Schizophrenia & Primary Care
Schizophrenia affects 1 percent of the general population in the United States. Unfortunately, this common illness is often poorly understood and feared by many health care professionals. Whether nurse practitioners who work in primary care are aware of it or not, they inevitably come into daily or weekly contact with schizophrenics. Patients with schizophrenia represent a vulnerable population with high medical needs that are often missed or undertreated. Primary care providers have the potential to reduce health differences of this disease. This provides Primary Care providers with a general understanding of the psychiatric and medical issues specific to patients with schizophrenia.
Schizophrenia is a major psychiatric disorder, or cluster of disorders, characterised by psychotic symptoms that alter a person’s perception, thoughts, affect, and behaviour. Each person with the disorder will have a unique combination of symptoms and experiences. Typically there is a period often characterized by some deterioration in personal functioning. This includes memory and concentration problems, unusual behaviour and ideas, disturbed communication and affect, and social withdrawal, reduced interest in daily activities.
Over a lifetime patients with schizophrenia represent a vulnerable population with high medical needs that are often missed or undertreated . The first symptoms tend to start in young adulthood, but can occur at any age, usually at a time when people are trying to make the transition to independent living. The symptoms and behaviour associated with schizophrenia can have a distressing impact on family and friends. The diagnosis of schizophrenia is still associated with considerable stigma, fear and limited public understanding.
Most patients with severe mental illness are in frequent contact with primary care services, and for many this is their only contact with health services. However, such contact does not necessarily ensure that they receive good physical health care. The orientation of primary care is reactive, and this does not fit well with patients who may be reluctant, or unable, to seek help. Short consultation times make it difficult for doctors to assess mental state and conduct a physical assessment, especially in vague or suspicious patients. When patients are accompanied by mental health staff more emphasis may be given to psychological and social issues. Doctors who are inexperienced in, or uncomfortable with, mental health work may resist engagement with a patient by actively asking about symptoms and performing a physical examination.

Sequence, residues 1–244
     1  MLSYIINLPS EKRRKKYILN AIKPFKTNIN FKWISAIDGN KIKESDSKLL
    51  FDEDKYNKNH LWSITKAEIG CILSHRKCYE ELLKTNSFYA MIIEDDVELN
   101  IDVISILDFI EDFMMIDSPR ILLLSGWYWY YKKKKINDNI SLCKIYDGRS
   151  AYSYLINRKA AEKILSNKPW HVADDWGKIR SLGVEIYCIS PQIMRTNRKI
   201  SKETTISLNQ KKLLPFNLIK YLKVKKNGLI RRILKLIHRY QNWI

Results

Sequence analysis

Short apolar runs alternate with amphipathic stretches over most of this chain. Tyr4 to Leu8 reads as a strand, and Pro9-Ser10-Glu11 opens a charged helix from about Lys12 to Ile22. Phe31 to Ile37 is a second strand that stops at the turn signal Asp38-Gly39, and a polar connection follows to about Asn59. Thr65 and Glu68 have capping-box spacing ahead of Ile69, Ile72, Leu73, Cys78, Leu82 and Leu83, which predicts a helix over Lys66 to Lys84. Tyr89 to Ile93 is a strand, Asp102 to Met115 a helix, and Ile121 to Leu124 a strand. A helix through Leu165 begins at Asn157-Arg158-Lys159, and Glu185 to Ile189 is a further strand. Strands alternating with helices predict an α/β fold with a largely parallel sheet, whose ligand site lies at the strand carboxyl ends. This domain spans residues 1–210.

The lifestyle of patients with severe mental illness suggests a need for health promotion—which can be effective. Several factors prevent people with mental illness from receiving good physical health care. People with schizophrenia are less likely than healthy controls to report physical symptoms spontaneously. evidence suggests that it is possible to improve the physical health of this vulnerable section of the population. Progress will, however, depend on both mental health and primary care staff being aware of the problem and being willing to find imaginative solutions which are acceptable and useful to patients.
In short, Patients with a diagnosis of schizophrenia are less likely to receive some important general health checks than patients without schizophrenia. Schizophrenia is a highly disabling disorder with many comorbidities and increased mortality. Although it has no pathognomonic features, its positive and negative symptoms are helpful in making the diagnosis. Primary care providers and allied health professionals can play a key role in reducing the havoc wreaked by schizophrenia because early detection, intervention, and adherence can prevent the physical deterioration of the brain and even repair it.